This led to an investigation which showed that the entire shipment was contraband tobacco that was illegally destined for Singapore.

Police spokeswoman Sergeant Lindy Moloi told The Star that the driver, the owner of the truck as well as a crew member had since been arrested and charged with possession of illegal tobacco.

The SA Revenue Service will also charge the men with the diversion of exhibit goods, false entry into the country and tax evasion when they appear in the Palm Ridge Magistrate’s Court on Friday.

The articulated truck and the 145 boxes, weighing about 110kg each, have been seized.

By late on Wednesday, police also found tobacco and a replica AK47 while sifting through the cargo.

“We will go through all the boxes and investigate further,” Maloi said.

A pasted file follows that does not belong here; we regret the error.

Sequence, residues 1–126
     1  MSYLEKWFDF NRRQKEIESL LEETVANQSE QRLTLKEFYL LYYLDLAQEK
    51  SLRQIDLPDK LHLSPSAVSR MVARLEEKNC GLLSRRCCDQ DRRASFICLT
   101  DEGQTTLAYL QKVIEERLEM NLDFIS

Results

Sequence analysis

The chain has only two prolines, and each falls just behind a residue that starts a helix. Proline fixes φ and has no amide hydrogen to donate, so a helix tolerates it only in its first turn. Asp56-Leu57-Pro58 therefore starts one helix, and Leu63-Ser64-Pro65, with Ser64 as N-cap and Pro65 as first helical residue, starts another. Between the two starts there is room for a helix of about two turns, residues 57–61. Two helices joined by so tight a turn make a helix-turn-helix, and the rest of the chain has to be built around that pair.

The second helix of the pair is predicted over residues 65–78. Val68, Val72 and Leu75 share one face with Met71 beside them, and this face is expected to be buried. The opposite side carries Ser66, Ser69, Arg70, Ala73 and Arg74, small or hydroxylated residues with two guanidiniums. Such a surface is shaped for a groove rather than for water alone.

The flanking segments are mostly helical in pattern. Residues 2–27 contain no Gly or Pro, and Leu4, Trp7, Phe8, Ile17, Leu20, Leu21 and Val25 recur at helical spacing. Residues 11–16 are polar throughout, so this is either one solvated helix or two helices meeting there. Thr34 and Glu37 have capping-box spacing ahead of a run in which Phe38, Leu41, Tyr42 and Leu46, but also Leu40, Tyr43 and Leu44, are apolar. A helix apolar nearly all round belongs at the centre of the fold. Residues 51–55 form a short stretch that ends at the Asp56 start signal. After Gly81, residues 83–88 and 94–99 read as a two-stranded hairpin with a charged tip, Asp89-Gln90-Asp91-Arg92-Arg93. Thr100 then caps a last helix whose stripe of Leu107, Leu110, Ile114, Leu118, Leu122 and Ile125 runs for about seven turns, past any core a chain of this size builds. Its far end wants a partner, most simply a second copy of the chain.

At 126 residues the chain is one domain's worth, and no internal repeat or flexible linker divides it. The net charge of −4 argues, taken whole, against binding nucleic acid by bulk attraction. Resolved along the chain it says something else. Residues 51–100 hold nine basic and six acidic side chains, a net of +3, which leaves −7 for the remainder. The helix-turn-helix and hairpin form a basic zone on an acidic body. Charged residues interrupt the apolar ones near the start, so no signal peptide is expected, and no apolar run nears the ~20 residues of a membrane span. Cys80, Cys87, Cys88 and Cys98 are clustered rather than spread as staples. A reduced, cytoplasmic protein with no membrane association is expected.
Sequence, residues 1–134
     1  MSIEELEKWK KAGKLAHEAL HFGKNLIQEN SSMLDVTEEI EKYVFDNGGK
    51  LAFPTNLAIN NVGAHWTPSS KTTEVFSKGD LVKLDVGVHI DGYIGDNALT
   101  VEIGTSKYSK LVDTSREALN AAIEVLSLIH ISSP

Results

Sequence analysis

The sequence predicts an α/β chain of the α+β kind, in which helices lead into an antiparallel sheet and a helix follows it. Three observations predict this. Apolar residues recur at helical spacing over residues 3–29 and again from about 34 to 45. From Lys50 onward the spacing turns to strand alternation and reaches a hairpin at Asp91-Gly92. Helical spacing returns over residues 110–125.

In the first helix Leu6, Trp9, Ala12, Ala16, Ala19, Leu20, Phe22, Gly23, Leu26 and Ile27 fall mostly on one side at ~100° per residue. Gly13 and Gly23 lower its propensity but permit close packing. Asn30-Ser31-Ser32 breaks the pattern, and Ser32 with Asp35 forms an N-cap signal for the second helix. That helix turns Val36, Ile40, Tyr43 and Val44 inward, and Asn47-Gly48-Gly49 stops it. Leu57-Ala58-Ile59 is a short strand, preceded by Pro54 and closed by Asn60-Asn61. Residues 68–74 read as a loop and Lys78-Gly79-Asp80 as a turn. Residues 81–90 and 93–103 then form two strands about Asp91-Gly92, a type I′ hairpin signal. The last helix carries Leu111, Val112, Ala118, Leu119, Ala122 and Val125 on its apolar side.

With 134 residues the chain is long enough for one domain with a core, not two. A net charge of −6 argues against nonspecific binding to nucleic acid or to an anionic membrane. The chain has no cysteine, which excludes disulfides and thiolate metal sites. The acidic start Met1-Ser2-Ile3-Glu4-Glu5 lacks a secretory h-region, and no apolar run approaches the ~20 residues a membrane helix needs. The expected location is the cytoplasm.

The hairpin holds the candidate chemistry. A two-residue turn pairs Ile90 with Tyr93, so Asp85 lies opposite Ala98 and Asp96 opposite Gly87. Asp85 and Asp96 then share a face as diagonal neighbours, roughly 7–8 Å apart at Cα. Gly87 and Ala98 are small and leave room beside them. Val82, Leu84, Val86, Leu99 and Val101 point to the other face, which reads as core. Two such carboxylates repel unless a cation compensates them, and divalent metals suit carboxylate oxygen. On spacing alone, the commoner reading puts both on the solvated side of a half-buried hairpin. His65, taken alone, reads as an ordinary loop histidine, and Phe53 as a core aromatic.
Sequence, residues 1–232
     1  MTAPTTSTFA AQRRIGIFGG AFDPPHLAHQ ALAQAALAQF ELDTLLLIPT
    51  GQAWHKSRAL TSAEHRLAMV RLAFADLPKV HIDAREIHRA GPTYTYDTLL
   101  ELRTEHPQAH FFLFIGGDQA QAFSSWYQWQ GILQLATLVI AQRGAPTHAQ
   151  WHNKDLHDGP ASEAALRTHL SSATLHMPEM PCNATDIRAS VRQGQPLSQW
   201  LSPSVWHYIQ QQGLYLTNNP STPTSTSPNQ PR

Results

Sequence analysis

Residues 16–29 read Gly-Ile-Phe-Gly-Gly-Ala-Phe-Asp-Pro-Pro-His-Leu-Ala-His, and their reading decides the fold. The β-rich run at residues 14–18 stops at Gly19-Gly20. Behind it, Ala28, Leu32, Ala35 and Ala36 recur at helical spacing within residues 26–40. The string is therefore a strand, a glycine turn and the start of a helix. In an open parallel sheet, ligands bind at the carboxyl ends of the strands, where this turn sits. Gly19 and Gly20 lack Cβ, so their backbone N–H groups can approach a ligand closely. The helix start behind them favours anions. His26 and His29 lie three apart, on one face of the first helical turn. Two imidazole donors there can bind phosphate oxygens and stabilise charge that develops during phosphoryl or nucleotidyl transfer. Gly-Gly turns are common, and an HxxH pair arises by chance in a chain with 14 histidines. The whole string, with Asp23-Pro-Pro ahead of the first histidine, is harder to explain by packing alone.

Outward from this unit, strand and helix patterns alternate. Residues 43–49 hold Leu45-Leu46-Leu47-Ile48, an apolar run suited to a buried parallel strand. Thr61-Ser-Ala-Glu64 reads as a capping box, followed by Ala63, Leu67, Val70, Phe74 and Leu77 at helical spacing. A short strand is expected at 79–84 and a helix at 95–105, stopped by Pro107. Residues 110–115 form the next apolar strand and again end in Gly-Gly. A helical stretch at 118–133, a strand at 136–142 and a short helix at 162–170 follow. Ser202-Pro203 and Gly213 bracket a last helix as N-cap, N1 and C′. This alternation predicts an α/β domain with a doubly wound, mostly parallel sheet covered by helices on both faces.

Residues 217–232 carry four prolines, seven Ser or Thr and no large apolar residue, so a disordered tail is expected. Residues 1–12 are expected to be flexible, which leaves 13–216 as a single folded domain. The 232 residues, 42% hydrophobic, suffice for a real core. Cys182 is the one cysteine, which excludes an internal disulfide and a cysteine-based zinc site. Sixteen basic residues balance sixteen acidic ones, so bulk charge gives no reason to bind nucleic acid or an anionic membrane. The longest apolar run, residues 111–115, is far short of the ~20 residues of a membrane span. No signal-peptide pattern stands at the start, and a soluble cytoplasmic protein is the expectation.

Police spokeswoman Lieutenant-Colonel Katlego Mogale said the men travelling in the Mercedes following the truck were actually the suspects, and when they realised that the driver was heading for a police station, they disappeared.

It seems the driver nearly managed to con the police.

The Star

Commentary: E-cigarettes dangerous, addictive

By: Dr. Jessica Neely

The introduction of the e-cigarette has precipitated the resurgence of the tobacco industry and threatens to undo 50 years of progress made by tobacco prevention campaigns.

These products, first introduced in 2007 from China, are rapidly gaining popularity in the United States, particularly among teens. E-cig use in middle school and high school students rose by 61 percent between 2012 and 2013 and tripled between 2013 and 2014 now surpassing traditional cigarette use in teens.

Products are marketed as “alternative” methods of smoking and are appealing to teens as they come in a variety of fruity or candy flavors.

Due to advertising campaigns, the general public is under the false impression that these products are safer than cigarettes. In fact, preliminary studies have shown that there are significant levels of formaldehyde, a carcinogen, inhaled when using e-cigarettes in addition to many heavy metals and aerosols. Furthermore, there is no evidence the use of e-cigarettes as a smoking cessation is effective.